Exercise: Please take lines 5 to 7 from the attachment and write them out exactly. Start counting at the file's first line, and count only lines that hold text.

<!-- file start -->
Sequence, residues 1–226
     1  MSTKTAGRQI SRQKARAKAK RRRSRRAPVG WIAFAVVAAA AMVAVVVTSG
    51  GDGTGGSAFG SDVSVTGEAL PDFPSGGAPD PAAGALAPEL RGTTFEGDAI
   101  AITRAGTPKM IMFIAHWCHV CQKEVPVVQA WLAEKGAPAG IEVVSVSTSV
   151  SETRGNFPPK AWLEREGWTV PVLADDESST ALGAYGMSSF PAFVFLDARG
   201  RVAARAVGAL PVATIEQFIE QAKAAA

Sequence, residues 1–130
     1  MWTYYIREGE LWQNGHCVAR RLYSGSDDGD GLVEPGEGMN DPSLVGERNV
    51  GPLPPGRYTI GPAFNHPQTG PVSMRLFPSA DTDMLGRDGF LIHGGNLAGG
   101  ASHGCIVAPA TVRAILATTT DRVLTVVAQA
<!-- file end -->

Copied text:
   151  SETRGNFPPK AWLEREGWTV PVLADDESST ALGAYGMSSF PAFVFLDARG
   201  RVAARAVGAL PVATIEQFIE QAKAAA

Sequence, residues 1–130